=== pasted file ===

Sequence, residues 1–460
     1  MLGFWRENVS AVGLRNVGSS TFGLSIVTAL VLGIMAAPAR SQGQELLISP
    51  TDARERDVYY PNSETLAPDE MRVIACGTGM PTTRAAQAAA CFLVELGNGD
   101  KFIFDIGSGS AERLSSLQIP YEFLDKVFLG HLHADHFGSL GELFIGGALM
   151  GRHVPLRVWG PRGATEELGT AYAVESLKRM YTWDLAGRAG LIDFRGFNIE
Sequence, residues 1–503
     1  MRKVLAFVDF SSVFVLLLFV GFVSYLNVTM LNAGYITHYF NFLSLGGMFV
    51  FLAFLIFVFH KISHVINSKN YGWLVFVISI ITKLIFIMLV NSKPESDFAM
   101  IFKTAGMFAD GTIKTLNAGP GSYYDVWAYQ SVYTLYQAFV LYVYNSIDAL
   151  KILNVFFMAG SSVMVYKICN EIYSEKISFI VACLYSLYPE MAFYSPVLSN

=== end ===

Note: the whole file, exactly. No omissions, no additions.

Sequence, residues 1–460
     1  MLGFWRENVS AVGLRNVGSS TFGLSIVTAL VLGIMAAPAR SQGQELLISP
    51  TDARERDVYY PNSETLAPDE MRVIACGTGM PTTRAAQAAA CFLVELGNGD
   101  KFIFDIGSGS AERLSSLQIP YEFLDKVFLG HLHADHFGSL GELFIGGALM
   151  GRHVPLRVWG PRGATEELGT AYAVESLKRM YTWDLAGRAG LIDFRGFNIE
Sequence, residues 1–503
     1  MRKVLAFVDF SSVFVLLLFV GFVSYLNVTM LNAGYITHYF NFLSLGGMFV
    51  FLAFLIFVFH KISHVINSKN YGWLVFVISI ITKLIFIMLV NSKPESDFAM
   101  IFKTAGMFAD GTIKTLNAGP GSYYDVWAYQ SVYTLYQAFV LYVYNSIDAL
   151  KILNVFFMAG SSVMVYKICN EIYSEKISFI VACLYSLYPE MAFYSPVLSN